Weeds To Watch

The garden and orchard at Bobcat Ridge are chock full of delicious fruits, veggies, herbs, legumes, and - you guessed it - weeds. Try as you might, these suckers just keep coming back, no matter how frequently you pluck, pick, and dig them out. Some weeds are more invasive than others and have to be literally suffocated before being added to the compost pile. Speaking of compost, there's no better way to relieve stress/get an arm workout/kickstart the composting process than hacking that the compost pile with a machete. Don't knock it till you try it!

Though there are many types of weeds here, the following have recieved particular attention from yours truly during the past couple weeks.

1. Purslane - Purslane is extremely invasive, but it's also delicious. This succulent-like weed grows shallow roots, but its branches spread far and wide. Purslane sells for a pretty penny, and adds a yummy crunch to salads (try it with avocado!), so we leave most of it be. However, if you notice it growing in the planting beds, you know what to do! Be especially mindful of areas with freshly planted seeds that have Purslane growing nearby. We've been working hard to keep the new carrot areas Purslane seedling free, an arduous task at best.

Okay!

Not okay...

2. Bermuda Grass - This stuff spreads like wildfire and digs ultra deep roots. In large clumps, it looks like a zillion tiny shoots of grass, but try to pick one and you'll find that it's attached to a long earthworm-looking vine. Bermuda Grass seeds are easily airborne, which is why you'll find it all over the place here. Unlike Purslane, you'll probably need some tools to get to the 'root' of the problem. We used a hoe for individual roots and a shovel to dig up large patches. Store the grass in a plastic bag and seal it shut until it is sufficiently dead. Adding it to the compost pile prematurely will just mean even more Bermuda Grass for WWOOFers to come.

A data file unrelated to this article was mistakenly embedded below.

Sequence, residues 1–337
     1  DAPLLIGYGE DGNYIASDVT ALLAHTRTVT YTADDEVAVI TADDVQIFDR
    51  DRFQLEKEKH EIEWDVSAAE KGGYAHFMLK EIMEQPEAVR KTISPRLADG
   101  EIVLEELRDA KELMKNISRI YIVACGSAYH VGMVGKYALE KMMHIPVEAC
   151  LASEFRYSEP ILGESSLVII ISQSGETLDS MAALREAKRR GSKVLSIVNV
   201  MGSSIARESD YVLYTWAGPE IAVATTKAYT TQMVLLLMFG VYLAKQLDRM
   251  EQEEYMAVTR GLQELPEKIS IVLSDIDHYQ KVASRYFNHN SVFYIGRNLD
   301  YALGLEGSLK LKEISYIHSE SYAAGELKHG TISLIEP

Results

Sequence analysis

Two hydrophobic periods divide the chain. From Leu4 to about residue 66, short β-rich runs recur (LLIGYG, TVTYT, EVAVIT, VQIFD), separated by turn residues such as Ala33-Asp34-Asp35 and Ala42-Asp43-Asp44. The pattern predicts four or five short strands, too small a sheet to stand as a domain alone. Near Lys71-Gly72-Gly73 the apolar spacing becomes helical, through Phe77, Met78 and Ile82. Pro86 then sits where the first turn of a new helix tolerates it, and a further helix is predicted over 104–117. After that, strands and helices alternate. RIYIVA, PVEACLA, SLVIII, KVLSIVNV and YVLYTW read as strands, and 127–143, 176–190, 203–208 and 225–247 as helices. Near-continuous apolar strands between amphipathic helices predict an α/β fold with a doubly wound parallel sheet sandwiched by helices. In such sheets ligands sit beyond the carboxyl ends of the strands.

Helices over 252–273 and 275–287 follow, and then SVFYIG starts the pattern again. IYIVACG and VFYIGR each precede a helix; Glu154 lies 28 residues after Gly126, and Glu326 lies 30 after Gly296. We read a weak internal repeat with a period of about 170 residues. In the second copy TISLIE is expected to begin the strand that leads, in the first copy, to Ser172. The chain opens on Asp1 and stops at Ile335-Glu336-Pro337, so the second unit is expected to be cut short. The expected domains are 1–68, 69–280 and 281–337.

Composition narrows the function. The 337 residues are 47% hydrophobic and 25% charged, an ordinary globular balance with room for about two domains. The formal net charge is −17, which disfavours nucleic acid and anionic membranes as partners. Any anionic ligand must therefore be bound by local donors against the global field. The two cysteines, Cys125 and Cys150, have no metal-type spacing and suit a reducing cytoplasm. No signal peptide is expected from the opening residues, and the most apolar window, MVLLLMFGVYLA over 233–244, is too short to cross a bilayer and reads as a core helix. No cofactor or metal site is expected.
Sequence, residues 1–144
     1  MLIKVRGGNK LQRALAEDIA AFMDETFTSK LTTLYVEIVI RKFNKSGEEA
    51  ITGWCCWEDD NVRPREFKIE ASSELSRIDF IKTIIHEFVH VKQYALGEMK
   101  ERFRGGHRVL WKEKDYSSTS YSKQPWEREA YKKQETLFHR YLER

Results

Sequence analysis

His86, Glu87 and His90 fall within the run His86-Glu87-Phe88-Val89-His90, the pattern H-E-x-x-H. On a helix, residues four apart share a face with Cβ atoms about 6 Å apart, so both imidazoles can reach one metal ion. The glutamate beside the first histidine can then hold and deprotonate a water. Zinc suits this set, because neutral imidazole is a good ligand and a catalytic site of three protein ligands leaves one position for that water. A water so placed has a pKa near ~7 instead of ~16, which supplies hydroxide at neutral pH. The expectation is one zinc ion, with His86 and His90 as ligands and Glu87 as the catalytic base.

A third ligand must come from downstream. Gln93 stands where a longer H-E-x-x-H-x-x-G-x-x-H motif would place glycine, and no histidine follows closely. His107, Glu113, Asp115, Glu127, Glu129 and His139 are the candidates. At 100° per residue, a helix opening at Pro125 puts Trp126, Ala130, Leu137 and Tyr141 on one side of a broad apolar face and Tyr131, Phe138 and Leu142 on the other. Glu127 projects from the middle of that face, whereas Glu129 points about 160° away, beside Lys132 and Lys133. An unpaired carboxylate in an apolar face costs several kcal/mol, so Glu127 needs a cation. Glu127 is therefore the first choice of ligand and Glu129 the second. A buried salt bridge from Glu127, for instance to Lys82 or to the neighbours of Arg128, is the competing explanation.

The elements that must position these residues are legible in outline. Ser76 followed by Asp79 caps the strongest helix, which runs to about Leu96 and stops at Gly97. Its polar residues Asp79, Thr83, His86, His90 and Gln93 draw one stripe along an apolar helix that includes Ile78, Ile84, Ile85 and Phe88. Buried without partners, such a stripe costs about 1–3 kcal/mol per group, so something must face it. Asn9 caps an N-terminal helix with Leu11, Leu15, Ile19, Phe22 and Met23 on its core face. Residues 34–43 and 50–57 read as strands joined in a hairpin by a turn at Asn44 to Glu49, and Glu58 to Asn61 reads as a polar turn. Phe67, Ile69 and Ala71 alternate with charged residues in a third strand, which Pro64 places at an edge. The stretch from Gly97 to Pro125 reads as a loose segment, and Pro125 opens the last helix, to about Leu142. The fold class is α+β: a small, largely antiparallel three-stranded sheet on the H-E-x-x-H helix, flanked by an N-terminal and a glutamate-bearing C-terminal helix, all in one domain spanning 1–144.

3. Morning Glory - With such an innocent name and harmless looking flower, you'd never guess that Morning Glory was no good for the garden. However, that dainty looking white flower will produce even more MG if not taken care of. When the flower shrivels up, its seeds spread with the wind. Plus, even the littlest bit of leftover root will sprout right back up.

-- Sienna

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